[Primary health care in Ecuador: services provided by the Ministry of Health and Rural Social security Services].Bol Oficina Sanit Panam. 1991 Oct; 111(4):293-305.BO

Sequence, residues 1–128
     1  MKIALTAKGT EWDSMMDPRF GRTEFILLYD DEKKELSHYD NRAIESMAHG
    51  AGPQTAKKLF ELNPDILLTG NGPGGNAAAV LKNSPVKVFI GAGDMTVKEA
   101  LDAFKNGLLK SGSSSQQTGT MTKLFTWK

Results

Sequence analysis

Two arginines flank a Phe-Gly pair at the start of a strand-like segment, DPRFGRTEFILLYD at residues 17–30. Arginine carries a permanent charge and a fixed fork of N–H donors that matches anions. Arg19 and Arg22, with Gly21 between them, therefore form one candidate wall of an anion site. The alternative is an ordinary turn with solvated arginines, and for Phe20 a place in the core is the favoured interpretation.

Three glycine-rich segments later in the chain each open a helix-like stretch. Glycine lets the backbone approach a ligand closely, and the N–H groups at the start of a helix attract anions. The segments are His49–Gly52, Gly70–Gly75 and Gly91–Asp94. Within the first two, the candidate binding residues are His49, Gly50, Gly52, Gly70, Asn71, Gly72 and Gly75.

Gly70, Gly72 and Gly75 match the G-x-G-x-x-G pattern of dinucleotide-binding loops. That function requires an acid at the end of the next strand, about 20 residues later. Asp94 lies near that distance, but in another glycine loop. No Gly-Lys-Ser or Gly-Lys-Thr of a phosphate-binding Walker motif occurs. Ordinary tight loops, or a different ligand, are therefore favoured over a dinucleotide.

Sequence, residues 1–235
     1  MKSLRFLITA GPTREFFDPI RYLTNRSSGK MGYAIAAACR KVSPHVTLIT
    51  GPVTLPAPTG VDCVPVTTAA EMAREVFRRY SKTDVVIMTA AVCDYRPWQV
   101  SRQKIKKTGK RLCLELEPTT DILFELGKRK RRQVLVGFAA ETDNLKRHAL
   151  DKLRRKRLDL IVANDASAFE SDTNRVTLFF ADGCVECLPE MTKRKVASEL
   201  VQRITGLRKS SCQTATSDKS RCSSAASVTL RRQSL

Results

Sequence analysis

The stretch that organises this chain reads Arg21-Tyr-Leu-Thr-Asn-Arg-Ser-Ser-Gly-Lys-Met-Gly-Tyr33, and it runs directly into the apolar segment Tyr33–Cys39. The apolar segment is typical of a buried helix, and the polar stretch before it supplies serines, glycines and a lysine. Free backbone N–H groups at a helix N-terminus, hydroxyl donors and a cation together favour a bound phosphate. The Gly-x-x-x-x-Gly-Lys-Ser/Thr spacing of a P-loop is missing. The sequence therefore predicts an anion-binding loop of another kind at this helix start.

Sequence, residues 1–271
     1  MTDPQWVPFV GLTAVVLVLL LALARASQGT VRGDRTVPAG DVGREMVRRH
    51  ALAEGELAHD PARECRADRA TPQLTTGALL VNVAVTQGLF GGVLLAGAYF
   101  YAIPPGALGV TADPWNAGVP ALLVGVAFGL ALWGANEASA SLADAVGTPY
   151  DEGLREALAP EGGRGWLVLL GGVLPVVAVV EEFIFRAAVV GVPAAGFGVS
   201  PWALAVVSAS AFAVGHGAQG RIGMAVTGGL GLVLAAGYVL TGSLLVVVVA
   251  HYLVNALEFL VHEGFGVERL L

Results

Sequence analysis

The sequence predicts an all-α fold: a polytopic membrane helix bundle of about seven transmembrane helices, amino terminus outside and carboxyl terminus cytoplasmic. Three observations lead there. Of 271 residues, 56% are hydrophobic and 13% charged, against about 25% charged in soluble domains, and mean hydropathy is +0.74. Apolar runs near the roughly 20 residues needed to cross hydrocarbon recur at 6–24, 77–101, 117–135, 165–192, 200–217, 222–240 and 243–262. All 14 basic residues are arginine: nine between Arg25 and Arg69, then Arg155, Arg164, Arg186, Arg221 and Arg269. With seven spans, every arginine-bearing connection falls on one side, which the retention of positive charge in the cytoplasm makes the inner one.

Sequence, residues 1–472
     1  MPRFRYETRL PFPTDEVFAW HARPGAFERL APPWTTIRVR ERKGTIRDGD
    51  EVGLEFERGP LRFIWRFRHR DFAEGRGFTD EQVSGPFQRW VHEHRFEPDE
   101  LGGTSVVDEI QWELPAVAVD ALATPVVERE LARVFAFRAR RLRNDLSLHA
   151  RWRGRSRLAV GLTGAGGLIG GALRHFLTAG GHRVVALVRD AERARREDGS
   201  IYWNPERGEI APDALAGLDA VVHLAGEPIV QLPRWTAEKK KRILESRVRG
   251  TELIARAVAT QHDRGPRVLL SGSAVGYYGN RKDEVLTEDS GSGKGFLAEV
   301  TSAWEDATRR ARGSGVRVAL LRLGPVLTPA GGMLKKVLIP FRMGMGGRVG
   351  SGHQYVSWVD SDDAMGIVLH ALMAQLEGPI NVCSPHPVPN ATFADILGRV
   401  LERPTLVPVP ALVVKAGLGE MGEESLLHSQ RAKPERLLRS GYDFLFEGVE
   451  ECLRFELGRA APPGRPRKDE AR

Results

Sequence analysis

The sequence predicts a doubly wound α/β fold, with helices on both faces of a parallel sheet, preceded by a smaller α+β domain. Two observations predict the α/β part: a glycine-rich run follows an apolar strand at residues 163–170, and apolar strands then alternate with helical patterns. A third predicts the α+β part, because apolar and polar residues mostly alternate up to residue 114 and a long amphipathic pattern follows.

The present study will examine three common premises in the field of international public health: that the primary care services offered by agencies of the Ministries of Health (MH) are less costly than those offered by Social Security institutions, that the former services are inferior to the latter, and that funds are distributed more equitably by the MH centers among their various recipient populations. The 1986 study compared the costs, quality, and equity of the services in 15 primary care centers in Ecuador--eight Ministry of Health centers and seven rural Social Security (RSS) centers--examining budgetary data from 1985 and obtaining information through a questionnaire and interviews with the personnel at those centers. Average costs were calculated by standardized accounting techniques, and it was confirmed that for several important services, especially medical consultations, these costs were much lower in the Ministry centers than in the Social Security centers. However, no differences in the cost of dental care were detected. The evaluation of quality, based on an analysis of the production structure and process, did not yield uniform results. On the one hand, the distribution of personnel and the allocation of funds for drugs and other supplies indicated that the RSS agencies provided better quality services. On the other hand, a questionnaire revealed that the MH health workers' knowledge of various principles of primary care was superior to that of the RSS workers. Upon comparing the per capita budget of the two types of entities, it was confirmed that the Ministry of Health had more equitable per capita coverage than rural Social Security. The implications of these findings for Ecuador and other developing countries are discussed and several recommendations made.